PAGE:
IDAHO FALLS, Idaho -

The protests seen in Ukraine and in other parts of the world in recent years have often been led by the younger generation, the more social savvy groups who want western freedoms.

Russia and Ukraine are very similar, in culture and in language. Ukraine was also one of the former Soviet Union republics. Now as an independent nation, there is a division among the young and old, those who prefer western democracy and those who miss the stability of the former Soviet Union.

The images the world has been watching for the past few months, but for college freshman Oleg Mironchenko the conflict is a personal one.
 
"I've got an uncle in Kiev and a grandmother in Russia," said Mironchenko.

He was born in Russia and served a mission in Ukraine.

"The Ukrainian people are some of the nicest people I've ever met. Talking to the people and walking down the streets you could tell that something as going to happen, because of the tension and thew ay they would talk about their government and the corruption," said Mironchenko.

For many former Soviet republics, corruption in every day life, even today is nothing new.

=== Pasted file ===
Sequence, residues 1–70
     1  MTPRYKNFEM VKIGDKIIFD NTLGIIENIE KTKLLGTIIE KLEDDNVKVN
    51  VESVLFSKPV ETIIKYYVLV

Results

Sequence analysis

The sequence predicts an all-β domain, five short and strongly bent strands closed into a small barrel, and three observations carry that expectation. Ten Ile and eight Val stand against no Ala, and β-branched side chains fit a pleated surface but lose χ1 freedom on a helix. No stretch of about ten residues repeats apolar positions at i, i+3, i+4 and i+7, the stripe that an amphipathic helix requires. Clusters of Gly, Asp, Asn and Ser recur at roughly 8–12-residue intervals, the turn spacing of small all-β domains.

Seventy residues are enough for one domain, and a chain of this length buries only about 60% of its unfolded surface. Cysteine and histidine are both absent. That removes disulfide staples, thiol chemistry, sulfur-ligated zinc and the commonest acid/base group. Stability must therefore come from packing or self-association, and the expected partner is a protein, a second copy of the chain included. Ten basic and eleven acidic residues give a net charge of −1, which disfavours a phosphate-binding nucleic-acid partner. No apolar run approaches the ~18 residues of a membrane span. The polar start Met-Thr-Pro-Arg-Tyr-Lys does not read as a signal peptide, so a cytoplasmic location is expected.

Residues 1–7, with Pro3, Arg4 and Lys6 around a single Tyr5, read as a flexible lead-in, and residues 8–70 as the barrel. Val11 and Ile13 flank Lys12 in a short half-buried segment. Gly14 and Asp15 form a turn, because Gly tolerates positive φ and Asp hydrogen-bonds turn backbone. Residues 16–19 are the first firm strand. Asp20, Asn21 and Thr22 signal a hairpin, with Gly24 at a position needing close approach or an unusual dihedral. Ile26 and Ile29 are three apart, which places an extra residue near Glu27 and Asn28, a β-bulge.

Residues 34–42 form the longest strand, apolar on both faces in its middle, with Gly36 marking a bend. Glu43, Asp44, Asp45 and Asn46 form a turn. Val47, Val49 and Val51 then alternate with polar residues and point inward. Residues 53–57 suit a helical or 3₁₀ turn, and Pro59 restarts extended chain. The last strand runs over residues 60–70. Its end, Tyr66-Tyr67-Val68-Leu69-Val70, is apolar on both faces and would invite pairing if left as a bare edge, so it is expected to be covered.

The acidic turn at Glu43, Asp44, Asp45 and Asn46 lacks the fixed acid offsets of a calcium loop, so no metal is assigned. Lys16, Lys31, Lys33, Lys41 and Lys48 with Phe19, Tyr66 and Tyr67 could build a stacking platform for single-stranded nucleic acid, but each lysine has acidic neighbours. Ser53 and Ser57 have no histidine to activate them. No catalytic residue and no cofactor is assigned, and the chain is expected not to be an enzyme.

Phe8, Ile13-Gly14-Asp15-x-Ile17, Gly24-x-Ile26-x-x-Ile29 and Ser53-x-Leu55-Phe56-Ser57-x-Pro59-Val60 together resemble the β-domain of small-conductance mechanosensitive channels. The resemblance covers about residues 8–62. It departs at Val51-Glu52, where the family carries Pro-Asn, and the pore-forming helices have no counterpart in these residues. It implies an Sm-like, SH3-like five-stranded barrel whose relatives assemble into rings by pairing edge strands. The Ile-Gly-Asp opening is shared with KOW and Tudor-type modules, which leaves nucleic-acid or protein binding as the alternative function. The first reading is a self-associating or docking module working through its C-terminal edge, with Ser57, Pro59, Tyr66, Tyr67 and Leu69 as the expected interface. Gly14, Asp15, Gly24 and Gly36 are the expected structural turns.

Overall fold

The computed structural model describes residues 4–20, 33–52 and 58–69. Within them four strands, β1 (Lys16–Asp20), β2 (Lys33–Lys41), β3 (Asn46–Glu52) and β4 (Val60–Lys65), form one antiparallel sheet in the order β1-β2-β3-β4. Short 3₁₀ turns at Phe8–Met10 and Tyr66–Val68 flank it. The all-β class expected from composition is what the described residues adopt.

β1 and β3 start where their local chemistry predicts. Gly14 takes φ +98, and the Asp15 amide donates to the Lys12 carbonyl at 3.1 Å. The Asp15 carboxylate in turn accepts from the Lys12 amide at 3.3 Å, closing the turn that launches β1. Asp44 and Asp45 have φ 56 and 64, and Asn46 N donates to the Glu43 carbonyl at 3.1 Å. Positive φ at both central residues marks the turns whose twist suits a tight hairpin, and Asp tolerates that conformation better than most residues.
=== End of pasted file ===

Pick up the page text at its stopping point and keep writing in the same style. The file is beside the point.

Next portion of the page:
"It's very normal, for example the police, if they pull you over, you can just give them a bribe and they will let you off," said Mironchenko.

He said the younger generation is tired of the corruption, and the pro-Russian side is the older generation, still yearning for Soviet-era protection.

The Ukraine conflict is a much different one than the Arab Spring or the uprising in Syria, since it does not involve terrorist groups.

"In a way what we have essentially is a revival of a classical, even Cold War kind of conflict," said former senior White House official Steve Yates.

Yates was the deputy assistant to former vice president Dick Cheney for national security affairs.

"I think at a minimum our government is getting involved in the economic war is over in Ukraine," said Yates.

As tensions continue to escalate in Ukraine Mironchenko watches from half a world away witnessing the fiercely divided nation he fell in love with and the generational hold of his home country.

Yates added it's unlikely the United States will get involved militarily in Ukraine.